CLARK, ADDISON (1842–1911). Addison Clark, cofounder and first president of Texas Christian University, was born on December 11, 1842, in Titus (now Morris) County, Texas, the first of eleven children of Esther (DeSpain) and Joseph Addison Clark. He had some formal schooling but was educated primarily by his mother. He volunteered for the Confederate forces in 1862 and saw action as an officer. After the war he enrolled as an advanced student at Carlton College in Bonham. After graduation in January 1869, he married Sallie McQuigg; they had eight children. Clark and his brother Randolph Clark moved to Fort Worth the same year and established a school there under the auspices of the local Disciples of Christ church.
In 1874 he moved to Thorp Spring where he, his brother, and their father opened a school they called Add-Ran College, after the first syllables of the brothers' first names. Addison was listed as president of the college from its opening in 1873, but he had remained in Fort Worth for a year to oversee the school there. Add-Ran Male and Female College, as it was officially called, also included a preparatory department. The school grew quickly, and in 1877 the Clarks built a larger facility across the road from the original building. Costs of construction and high operating expenses proved to be too much, and in 1889 the Clarks gave the institution to the Christian Church (Disciples of Christ) of Texas. Addison Clark continued as president, and the name was changed first to Add-Ran Christian University and later to Texas Christian University, although Clark was opposed to both name changes. In 1895, against his wishes, the university was moved to Waco. Clark remained president until 1899, when he stepped down. He continued to teach ancient languages until 1904, when he resigned from the faculty.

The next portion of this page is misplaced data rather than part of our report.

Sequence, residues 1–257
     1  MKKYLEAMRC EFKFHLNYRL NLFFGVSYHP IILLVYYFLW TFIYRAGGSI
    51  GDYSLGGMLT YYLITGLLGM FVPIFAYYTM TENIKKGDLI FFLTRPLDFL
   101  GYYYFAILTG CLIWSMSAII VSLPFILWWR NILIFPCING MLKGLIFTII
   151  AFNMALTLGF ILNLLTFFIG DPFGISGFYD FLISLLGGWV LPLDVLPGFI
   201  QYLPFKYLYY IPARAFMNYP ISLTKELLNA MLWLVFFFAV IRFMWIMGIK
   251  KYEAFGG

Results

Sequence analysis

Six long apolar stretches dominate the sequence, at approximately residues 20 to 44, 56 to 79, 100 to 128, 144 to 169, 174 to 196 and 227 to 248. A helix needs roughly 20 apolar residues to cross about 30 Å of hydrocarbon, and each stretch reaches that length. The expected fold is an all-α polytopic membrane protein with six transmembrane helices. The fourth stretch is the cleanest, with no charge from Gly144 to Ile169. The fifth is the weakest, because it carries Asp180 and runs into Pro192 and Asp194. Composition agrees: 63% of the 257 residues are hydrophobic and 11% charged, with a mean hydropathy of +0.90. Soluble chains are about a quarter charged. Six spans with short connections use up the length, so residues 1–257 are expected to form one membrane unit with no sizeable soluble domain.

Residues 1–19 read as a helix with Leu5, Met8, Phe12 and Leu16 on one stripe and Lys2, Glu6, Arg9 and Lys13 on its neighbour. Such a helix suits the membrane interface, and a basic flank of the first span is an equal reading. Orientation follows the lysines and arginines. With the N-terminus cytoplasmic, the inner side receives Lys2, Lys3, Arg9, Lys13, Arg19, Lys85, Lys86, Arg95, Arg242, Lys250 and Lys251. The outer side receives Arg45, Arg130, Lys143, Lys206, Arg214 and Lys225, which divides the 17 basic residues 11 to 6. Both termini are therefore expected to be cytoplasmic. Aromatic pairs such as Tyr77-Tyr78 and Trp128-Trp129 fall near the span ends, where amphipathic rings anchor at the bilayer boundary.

He also held pastorates in Waco and Amarillo until 1904, when he became president of Add-Ran Jarvis College in Thorp Spring, which occupied the same buildings as the original Add-Ran before its move to Waco. When Add-Ran Jarvis was forced to close in 1909, Clark moved to Mineral Wells to serve as pastor of the Disciples of Christ church. He died at the home of his daughter in Comanche, Texas, on May 12, 1911, and was buried in Thorp Spring.
Joseph Lynn Clark, Thank God We Made It (Austin: University of Texas, 1969). Randolph Clark, Reminiscences (Wichita Falls: Lee Clark, 1919; rpt., Fort Worth: Texas Christian University Press, 1979). Jerome A. Moore, Texas Christian University: A Hundred Years of History (Fort Worth: Texas Christian University Press, 1974).
Image Use Disclaimer
All copyrighted materials included within the Handbook of Texas Online are in accordance with Title 17 U.S.C. Section 107 related to Copyright and “Fair Use” for Non-Profit educational institutions, which permits the Texas State Historical Association (TSHA), to utilize copyrighted materials to further scholarship, education, and inform the public. The TSHA makes every effort to conform to the principles of fair use and to comply with copyright law.
For more information go to: http://www.law.cornell.edu/uscode/17/107.shtml
If you wish to use copyrighted material from this site for purposes of your own that go beyond fair use, you must obtain permission from the copyright owner.
The following, adapted from the Chicago Manual of Style, 15th edition, is the preferred citation for this article.Handbook of Texas Online, James M. Moudy, "CLARK, ADDISON," accessed November 18, 2019, http://www.tshaonline.org/handbook/online/articles/fcl02.
Uploaded on June 12, 2010. Modified on October 1, 2019. Published by the Texas State Historical Association.